Dan Margolies | KCUR

Dan Margolies

Health Editor

Dan Margolies is editor in charge of health and education news at KCUR.  Dan joined KCUR in April 2014. In a long and varied journalism career, he has worked as a reporter for the Kansas City Business Journal, The Kansas City Star and Reuters. In a previous life, he was a lawyer. He has also worked as a media insurance underwriter and project development director for a video production firm.

Dan was born in Brooklyn, N.Y. and moved to Kansas City with his family when he was eight years old. He majored in philosophy at Washington University in St. Louis and holds law and journalism degrees from Boston University. He has been an avid public radio listener for as long as he can remember – which these days isn’t very long…

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Heartland Community Health Center

This story was updated at 3:22 p.m. on March 15 to include Jon Stewart's statement.   

The CEO of a safety net clinic in Lawrence, Kansas, has been suspended pending completion of a review of the organization's finances.

In a release Wednesday evening, the board of Heartland Community Health Center said it had suspended Jon Stewart and appointed the clinic’s chief operating officer as interim CEO.

Matt Kleinmann / Community Health Council of Wyandotte County

New county health rankings once again show Wyandotte County as one of the least healthy counties in Kansas. The good news: It’s no longer the worst.

This story was updated at 2:43 p.m. to include the comments of ACLU of Missouri legal director Tony Rothert.  

Hustler magazine publisher Larry Flynt has lost his bid to unseal documents over Missouri’s execution protocol.

A federal appeals court on Tuesday ruled that the safety of members of Missouri’s execution team, as well as the state’s interest in carrying out its executions, overcame the general presumption that the public should have access to judicial records.

Donald and Laurie Draughon

After a seven-month deployment in 2004 in Iraq as a squad leader and gunner, Cpl. William P. Draughon received a citation for heroic service and was honorably discharged from the Marine Corps.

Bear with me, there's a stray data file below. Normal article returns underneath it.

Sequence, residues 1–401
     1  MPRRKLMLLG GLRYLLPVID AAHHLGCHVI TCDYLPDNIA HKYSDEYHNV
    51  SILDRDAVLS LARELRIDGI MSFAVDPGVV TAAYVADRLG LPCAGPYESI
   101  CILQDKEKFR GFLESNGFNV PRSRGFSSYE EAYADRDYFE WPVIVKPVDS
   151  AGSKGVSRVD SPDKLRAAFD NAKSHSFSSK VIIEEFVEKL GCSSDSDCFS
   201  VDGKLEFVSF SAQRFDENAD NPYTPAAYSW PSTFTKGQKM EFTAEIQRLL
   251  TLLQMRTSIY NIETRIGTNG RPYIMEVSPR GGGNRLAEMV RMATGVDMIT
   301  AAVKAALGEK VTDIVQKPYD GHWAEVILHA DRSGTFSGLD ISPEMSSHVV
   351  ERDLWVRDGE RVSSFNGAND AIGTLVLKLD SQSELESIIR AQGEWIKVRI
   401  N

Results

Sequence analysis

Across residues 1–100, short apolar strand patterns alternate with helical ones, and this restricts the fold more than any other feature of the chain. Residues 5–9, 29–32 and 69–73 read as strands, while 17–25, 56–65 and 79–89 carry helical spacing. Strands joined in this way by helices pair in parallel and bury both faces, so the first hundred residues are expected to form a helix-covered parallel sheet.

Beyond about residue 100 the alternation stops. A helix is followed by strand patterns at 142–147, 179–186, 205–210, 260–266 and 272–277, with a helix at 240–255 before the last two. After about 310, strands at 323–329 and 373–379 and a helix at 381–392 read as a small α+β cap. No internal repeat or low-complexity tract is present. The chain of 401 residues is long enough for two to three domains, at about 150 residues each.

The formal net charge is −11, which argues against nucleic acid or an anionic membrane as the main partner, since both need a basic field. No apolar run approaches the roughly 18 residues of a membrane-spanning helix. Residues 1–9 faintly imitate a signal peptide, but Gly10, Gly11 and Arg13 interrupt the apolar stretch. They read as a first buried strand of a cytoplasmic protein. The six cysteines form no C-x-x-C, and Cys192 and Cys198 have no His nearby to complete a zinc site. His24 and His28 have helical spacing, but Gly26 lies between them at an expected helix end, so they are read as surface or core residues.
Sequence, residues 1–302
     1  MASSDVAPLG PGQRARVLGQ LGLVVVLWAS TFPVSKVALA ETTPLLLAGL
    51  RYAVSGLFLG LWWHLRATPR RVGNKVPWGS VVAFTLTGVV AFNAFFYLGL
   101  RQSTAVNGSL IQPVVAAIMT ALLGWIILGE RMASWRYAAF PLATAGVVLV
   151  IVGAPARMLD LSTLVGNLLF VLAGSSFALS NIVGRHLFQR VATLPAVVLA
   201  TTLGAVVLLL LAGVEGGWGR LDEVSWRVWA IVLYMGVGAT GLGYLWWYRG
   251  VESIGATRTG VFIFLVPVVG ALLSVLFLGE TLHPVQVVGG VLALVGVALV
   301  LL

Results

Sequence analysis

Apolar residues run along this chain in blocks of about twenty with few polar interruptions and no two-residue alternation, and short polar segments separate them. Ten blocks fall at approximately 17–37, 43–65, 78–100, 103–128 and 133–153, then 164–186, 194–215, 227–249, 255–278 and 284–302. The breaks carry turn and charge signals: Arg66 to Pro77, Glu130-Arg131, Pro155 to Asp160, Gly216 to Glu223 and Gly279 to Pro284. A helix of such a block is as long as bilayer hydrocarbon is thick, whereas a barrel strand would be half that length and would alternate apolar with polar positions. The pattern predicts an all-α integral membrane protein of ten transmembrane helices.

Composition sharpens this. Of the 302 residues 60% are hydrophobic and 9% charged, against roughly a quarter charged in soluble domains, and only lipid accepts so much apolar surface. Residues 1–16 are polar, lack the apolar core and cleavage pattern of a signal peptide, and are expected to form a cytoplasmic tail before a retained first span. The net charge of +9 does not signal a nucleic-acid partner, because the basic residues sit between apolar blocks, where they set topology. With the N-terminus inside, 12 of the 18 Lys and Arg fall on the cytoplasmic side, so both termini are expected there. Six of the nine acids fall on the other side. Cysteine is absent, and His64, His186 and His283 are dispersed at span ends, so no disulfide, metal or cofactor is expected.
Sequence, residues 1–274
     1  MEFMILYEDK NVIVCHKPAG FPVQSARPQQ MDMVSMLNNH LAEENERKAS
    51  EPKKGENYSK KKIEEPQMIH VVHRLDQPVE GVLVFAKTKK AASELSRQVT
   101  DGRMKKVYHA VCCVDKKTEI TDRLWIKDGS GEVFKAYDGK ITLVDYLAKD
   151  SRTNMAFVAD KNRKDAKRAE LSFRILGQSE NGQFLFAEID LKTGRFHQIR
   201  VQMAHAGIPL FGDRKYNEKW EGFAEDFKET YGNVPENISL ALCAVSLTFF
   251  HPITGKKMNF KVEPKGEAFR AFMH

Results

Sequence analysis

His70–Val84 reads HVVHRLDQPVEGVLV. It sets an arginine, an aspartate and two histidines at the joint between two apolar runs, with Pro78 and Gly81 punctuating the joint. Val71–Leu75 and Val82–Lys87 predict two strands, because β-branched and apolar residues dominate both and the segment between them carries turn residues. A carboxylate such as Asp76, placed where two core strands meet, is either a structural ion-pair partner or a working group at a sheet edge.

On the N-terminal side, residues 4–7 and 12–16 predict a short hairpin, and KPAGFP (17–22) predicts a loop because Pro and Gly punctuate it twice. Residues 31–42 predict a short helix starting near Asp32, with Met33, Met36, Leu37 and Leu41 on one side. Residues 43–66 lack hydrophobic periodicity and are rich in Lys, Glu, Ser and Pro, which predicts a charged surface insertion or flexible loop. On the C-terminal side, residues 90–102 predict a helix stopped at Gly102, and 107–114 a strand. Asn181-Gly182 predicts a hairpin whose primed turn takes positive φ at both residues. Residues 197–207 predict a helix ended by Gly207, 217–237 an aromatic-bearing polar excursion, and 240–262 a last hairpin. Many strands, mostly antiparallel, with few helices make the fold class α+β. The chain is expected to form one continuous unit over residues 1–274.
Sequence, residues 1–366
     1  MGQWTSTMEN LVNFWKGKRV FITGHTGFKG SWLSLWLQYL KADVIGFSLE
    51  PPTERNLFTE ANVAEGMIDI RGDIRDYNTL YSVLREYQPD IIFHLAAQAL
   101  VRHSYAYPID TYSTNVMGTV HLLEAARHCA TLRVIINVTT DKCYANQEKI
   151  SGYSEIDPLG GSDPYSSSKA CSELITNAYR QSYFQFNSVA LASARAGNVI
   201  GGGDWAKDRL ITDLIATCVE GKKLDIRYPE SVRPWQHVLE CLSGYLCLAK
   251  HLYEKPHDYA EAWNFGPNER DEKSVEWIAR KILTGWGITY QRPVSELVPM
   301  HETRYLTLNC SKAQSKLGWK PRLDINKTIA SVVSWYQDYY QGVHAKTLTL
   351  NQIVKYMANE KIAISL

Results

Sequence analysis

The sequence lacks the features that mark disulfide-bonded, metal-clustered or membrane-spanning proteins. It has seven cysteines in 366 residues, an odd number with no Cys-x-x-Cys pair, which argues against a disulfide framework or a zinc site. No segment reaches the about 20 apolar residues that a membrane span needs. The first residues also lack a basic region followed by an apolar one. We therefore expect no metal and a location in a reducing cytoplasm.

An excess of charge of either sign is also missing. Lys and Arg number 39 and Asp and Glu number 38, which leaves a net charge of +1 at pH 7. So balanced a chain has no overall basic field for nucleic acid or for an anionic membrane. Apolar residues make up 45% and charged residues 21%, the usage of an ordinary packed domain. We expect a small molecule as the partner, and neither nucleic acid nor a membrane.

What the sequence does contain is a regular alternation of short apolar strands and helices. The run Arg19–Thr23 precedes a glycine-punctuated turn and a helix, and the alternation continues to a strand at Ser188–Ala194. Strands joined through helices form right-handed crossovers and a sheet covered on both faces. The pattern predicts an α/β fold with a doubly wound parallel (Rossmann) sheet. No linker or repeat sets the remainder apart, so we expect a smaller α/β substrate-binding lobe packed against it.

Several members of his squad were killed in Iraq, and when he returned stateside, the North Kansas City High School graduate began experiencing depression and nightmares and became withdrawn and moody. He also started drinking heavily.


City Manager Zach Walker announced the news Wednesday and said the department’s functions would be transferred to other city departments.

Independence is facing a projected $3 million budget shortfall for the upcoming fiscal year. Walker said the move would save about $375,000 a year for the city’s general fund.

“This is certainly not a pleasant move, but it’s one that allows us to be innovative, to reduce our overhead associated with that operation, but still provide the core basic services associated with the health department,” Walker said.   

file photo / Kansas News Service

Missouri and Kansas have joined 18 other states in seeking to have the Affordable Care Act declared unconstitutional following Congress’ repeal last year of the tax penalty associated with the individual mandate.

In a lawsuit filed late Monday in federal court in Texas, the coalition of 20 mostly red states claimed that the elimination of the tax penalty for those who don’t buy health insurance renders the entire healthcare law unconstitutional.

St. Louis Metropolitan Police Department

Editor’s note and Feb. 28 update: One of the prosecutors in the invasion of privacy case against Gov. Eric Greitens said they do not have the photo that he allegedly took of the woman with whom he had an affair in 2015.

Media outlets reported that at a hearing on Wednesday, St. Louis Circuit Attorney Robert Steele said prosecutors are hoping to obtain the photo, although one of Greitens’ lawyers said the photo “does not exist.”

The judge set a May 14 trial date for the case. That’s a few days before the end of the 2018 Missouri legislative session.

St. Louis Metropolitan Police Department

A St. Louis grand jury indicted Missouri Gov. Eric Greitens on Thursday for felony invasion of privacy, possibly jeopardizing his tenure in office as legislative leaders said they'd begin an investigation. Impeachment talk began to circle the Statehouse.